The defence lawyer for the man accused of killing Candace Derksen has asked that the retrial be stayed, given that the DNA evidence used to link Mark Edward Grant to the murder was flawed and cannot be independently verified because it no longer exists.
Lawyer Saul Simmonds filed the Charter motion Friday, arguing at best his client should be released and failing that he asked the judge exclude the nuclear DNA evidence presented in the trial.
“The complaint is twofold,” Simmonds told the judge. “The lack of the DNA from the twine to be analyzed independently and of course the fact that the assessment and the process is fatally flawed in the first place which exacerbates the problem.”
Candace, 13, was found frozen to death and bound with twine on the floor of an Elmwood storage shed in 1984. DNA extracted from the twine was sent to a Thunder Bay lab for retesting in 2007, when the cold case was revisited.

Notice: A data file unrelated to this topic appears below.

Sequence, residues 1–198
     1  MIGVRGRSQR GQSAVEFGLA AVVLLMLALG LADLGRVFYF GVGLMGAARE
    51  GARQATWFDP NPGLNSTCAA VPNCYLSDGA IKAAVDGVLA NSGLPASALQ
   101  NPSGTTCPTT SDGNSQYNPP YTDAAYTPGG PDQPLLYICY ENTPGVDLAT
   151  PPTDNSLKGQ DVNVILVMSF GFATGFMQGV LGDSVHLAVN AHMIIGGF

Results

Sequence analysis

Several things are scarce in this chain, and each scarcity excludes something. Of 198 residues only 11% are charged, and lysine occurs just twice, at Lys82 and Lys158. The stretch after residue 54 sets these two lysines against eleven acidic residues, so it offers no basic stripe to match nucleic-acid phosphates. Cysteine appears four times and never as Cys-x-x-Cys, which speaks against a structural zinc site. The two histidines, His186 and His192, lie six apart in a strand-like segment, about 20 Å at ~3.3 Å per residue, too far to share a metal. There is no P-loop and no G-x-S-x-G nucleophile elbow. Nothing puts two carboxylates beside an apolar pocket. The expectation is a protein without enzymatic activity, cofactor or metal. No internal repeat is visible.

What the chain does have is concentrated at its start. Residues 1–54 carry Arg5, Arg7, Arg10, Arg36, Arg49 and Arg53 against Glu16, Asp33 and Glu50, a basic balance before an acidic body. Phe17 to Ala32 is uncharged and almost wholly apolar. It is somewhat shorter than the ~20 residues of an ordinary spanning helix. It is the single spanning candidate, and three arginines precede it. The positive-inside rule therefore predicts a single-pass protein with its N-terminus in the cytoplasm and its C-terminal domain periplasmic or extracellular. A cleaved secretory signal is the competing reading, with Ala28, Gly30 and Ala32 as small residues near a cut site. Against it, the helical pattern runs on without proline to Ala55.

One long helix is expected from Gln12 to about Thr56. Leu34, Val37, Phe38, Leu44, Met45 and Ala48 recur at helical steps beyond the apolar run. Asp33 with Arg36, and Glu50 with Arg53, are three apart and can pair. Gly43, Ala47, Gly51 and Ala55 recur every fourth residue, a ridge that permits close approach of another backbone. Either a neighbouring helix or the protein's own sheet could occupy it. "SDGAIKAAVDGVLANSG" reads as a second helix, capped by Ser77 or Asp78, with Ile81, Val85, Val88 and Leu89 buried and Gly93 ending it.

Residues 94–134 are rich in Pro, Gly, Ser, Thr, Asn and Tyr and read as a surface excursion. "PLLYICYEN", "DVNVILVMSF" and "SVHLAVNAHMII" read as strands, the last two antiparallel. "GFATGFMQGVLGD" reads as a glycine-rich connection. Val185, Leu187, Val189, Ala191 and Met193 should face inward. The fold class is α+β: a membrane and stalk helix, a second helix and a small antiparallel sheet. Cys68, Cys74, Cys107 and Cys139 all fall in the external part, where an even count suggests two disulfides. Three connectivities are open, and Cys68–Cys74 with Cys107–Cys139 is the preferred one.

The lab conducted three DNA tests on the twine, after each run some of the original sample is used up. The third test yielded the result to link Grant, however it also consumed all of the DNA extracts, court heard.
Molecular World provided the results to Winnipeg and officers arrested and charged Grant with second-degree murder in 2007.
A jury found Grant guilty of second-degree murder in 2011. Two years later, a Manitoba Court of Appeal judge ordered a retrial because evidence about a possible “third-party suspect” was withheld from jurors during the first trial.
In the course of Grant’s new trial, two top forensic experts, brought in by the defence, raised serious concerns about the reliability of the DNA results. Both experts accused the lab of suspect bias and ignoring DNA markers that would have excluded Grant as a match and therefore a suspect.
On Friday, Simmonds brought forward other cases where key evidence was lost and destroyed as precedence for his request that the case be stayed.